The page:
If you ever have the opportunity to throw your shoe at Tony Blair, do so with righteous anger. Before you read the chapter about him, you may want to have some inanimate object close by that you can destroy. At least write and perform a song about him.
Lest you think that resource extraction only impacts politics in the Third World, read the chapter on Louisiana. And think twice before voting for Bobby Jindal.
Silverstein ends with a humorous narration of the career of Neil Bush, the son of President George H.W. Bush and brother of President George W Bush. I guess you'll think it's funny if you find humor in the ability of USA blue-bloods to land in money no matter their incompetence.
The book does not offer solutions or best practices. The people interviewed in this book agree that there's simply too much money at stake to care about poor people or the environment.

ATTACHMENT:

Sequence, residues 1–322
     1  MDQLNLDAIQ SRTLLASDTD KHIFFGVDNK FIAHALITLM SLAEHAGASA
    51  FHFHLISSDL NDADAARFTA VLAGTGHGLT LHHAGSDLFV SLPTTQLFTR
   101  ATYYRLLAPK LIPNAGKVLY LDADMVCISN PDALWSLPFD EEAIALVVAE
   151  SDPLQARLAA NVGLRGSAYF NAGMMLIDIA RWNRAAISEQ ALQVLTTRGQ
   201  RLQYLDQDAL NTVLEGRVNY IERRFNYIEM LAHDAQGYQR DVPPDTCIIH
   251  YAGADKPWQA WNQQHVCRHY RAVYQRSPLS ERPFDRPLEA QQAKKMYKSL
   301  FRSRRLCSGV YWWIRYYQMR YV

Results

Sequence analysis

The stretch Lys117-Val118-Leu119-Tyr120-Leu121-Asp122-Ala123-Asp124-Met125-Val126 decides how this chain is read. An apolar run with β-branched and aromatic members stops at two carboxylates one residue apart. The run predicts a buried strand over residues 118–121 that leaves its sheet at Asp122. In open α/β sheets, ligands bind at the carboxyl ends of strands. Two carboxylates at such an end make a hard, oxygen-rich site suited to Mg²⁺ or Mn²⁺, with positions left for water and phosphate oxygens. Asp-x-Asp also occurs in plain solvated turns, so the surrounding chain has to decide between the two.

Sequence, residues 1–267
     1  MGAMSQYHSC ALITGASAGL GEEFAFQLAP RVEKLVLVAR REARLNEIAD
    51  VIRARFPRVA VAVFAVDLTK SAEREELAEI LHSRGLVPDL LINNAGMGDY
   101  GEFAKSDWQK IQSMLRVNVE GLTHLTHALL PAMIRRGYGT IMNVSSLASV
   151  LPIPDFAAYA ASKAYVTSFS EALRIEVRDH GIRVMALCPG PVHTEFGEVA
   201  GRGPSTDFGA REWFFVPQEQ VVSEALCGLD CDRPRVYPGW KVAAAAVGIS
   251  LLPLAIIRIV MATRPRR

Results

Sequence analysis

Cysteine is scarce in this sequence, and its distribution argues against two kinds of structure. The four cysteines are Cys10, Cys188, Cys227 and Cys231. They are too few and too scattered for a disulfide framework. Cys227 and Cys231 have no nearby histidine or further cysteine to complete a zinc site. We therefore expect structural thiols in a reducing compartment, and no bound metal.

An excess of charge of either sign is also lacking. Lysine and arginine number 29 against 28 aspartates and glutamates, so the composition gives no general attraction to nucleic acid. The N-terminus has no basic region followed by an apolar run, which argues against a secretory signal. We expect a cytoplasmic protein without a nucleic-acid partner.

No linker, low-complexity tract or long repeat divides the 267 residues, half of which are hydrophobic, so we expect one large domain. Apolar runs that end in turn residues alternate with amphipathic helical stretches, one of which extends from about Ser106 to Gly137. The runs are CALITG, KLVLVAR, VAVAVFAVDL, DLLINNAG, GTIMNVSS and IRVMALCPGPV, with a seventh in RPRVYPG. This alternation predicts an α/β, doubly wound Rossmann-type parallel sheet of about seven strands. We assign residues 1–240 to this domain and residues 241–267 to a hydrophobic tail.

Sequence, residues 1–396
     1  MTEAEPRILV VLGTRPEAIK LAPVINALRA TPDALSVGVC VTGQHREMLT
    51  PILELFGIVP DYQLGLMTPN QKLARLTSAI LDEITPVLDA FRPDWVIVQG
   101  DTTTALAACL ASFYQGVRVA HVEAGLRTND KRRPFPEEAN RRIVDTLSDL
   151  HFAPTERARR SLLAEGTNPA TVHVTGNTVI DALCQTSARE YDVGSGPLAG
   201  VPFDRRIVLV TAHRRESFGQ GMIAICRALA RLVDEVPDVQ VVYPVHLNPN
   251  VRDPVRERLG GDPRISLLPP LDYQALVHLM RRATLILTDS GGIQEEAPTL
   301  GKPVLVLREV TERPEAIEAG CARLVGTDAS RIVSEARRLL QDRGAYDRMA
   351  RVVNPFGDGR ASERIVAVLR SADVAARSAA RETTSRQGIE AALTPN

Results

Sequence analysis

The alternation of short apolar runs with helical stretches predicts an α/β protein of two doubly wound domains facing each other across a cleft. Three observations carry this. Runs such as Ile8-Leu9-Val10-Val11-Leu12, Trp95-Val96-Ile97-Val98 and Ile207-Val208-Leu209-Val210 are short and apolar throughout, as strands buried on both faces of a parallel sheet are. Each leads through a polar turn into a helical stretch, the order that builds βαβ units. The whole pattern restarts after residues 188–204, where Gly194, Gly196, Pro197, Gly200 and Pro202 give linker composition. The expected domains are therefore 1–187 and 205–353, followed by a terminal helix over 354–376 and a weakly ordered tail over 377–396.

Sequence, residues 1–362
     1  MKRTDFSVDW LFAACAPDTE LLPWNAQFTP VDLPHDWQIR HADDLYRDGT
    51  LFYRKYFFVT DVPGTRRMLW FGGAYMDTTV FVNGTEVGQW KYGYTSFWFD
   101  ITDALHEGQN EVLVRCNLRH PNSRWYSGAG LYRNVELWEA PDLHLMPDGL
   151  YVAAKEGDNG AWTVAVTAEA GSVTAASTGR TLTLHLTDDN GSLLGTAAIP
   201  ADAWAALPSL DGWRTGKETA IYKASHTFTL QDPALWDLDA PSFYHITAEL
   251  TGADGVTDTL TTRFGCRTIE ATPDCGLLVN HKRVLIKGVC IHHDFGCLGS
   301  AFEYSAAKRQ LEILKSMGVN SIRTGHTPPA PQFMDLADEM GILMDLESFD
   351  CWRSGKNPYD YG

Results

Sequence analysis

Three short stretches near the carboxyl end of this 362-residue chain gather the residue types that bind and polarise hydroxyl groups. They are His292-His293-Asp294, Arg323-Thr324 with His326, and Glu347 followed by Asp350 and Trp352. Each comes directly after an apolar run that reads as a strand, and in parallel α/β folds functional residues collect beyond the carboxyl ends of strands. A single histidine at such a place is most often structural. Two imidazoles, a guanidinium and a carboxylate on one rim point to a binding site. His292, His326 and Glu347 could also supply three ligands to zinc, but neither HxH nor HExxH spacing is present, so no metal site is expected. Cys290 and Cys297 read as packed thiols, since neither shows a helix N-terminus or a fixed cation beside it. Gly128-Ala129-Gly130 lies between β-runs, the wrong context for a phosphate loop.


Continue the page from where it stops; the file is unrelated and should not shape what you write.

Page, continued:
A large question humanity must answer is whether capitalism can adapt to prevent destruction of our biosphere. This is the premise behind books like Ecological Intelligence by Daniel Goleman and E. O. Wilson's The Future of Life. These liberal environmentalists believe that market mechanisms can be adjusted to delay ecological collapse until technology or human consciousness solves the threats to our biosphere. Naomi Klein's This Changes Everything is more radical in its demand that our entire economic system needs revolutionary change.
Silverstein's book certainly takes the sparkle out of liberal environmentalists' proposals.
Silverstein makes excellent use of USA diplomatic cables published by Wikileaks. Consider supporting whistleblowers and the news outlets which publish material using the leaks.
I'm tweeting some of tidbits from the book under the hashtag #SecretWorldOfOil. Join the conversation....more
Professor Greenawalt's book examines different common claims made by parents, students and school employees that public schools have violated the FreeProfessor Greenawalt's book examines different common claims made by parents, students and school employees that public schools have violated the Free Exercise clause by interfering with their practice of religion.